Friday, July 20, 2012

Choking College Point

In what to us is emblematic of the Bloomberg schizophrenia when it comes to cars and development, comes the following story from the WSJ about College Point in Queens:

"For decades, residents of College Point in northeastern Queens enjoyed its suburban feel—a quiet, waterfront enclave that sits on Flushing Bay and the East River.

But the addition of several big-box retailers in the 1990s, followed by new condo and co-op construction, brought in more residents and shoppers—creating traffic bottlenecks in an area dotted with several narrow, one-way streets.And now, two new projects slated to make College Point home are further sparking congestion concerns

The mayor is working feverishly to limit car access into Manhattan, in order we surmise to keep the streets open for limousine access; but is choking the crap out of Queens. State Senator Avella comments: "You can go on a weekend and the traffic is unbelievable—backed up to the service road of the Whitestone Expressway," said state Sen. Tony Avella, a Queens native who lives in neighboring Whitestone."

All of this new development is on top of the Police Academy-and it threatens to destroy the quality of life in College Point, something that most elected officials aside from Avella seem to disregard:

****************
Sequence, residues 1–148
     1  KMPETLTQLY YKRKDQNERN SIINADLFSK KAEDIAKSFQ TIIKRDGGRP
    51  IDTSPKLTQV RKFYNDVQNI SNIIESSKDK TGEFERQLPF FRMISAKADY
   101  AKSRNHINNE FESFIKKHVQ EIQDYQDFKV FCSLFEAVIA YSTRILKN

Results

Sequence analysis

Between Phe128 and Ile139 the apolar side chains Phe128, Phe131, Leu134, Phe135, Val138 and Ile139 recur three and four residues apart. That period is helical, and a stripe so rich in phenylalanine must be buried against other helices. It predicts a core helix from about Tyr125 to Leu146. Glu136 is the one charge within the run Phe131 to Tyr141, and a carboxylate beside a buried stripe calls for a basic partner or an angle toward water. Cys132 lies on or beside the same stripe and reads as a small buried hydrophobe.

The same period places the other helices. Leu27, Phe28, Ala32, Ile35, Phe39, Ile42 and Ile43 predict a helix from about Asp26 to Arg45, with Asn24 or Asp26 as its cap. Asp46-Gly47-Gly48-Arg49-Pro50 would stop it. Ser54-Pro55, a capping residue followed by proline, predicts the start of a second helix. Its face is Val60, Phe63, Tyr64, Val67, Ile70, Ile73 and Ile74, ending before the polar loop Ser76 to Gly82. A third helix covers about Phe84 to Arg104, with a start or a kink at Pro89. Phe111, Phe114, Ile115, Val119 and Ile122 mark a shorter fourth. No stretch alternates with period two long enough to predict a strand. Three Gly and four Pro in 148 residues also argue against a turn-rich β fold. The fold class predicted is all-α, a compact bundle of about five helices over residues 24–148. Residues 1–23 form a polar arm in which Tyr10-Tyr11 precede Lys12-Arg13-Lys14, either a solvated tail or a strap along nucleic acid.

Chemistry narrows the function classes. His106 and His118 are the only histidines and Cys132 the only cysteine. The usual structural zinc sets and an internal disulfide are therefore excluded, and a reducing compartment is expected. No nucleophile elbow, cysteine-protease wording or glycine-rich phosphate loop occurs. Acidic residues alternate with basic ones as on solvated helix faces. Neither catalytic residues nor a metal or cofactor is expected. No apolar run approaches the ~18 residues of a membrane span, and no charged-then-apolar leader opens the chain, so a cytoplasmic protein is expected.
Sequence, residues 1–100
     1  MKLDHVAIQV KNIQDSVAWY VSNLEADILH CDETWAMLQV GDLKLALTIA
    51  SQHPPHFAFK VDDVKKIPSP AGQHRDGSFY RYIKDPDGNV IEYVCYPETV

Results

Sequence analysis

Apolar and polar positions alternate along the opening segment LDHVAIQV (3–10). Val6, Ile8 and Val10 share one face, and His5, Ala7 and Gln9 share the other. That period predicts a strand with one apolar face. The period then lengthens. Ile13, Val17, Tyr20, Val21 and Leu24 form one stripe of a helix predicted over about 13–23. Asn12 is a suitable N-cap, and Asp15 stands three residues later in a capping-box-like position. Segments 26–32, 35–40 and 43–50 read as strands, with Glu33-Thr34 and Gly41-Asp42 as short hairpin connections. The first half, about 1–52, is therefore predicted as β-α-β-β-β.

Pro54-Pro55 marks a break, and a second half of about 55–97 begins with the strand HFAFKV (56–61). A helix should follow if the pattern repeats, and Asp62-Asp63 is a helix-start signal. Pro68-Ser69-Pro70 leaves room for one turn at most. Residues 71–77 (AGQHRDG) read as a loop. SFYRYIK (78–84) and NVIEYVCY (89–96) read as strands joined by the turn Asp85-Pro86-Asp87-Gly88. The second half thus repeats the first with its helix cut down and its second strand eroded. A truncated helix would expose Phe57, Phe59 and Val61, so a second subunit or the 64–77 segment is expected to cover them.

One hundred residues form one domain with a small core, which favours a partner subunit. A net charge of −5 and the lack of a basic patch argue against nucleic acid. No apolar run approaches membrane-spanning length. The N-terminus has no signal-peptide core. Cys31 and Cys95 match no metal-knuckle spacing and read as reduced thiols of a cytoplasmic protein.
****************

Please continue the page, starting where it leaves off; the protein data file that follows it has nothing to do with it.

"But critics say the accommodations are insufficient and that College Point has been smothered with more development than its infrastructure can handle, changing the character of the neighborhood in a fundamental way.

"Historically, College Point was a quiet, residential neighborhood with a small-town atmosphere, where families lived for generations," said Mr. Avella. "I'm not against development, but the city has failed to match developments with infrastructure, and now they [residents] deal with traffic on a daily basis, sometimes like Manhattan

Which brings us to the debacle at neighboring Willets Point-where a lack of road and mass transit infrastructure will make any of the city's grandiose plans turn into the ultimate traffic nightmare. And this traffic will spillover into all of the already congested local roads-not to mention the Van Wyck, the Whitestone and the LIE, roads that have garnered national recognition for their impassibility.

But, hey, it's not in Manhattan so who cares? Maybe College Pointers will have no choice but to ride bikes-something that Commissioner Sadik-Khan may have intended all along.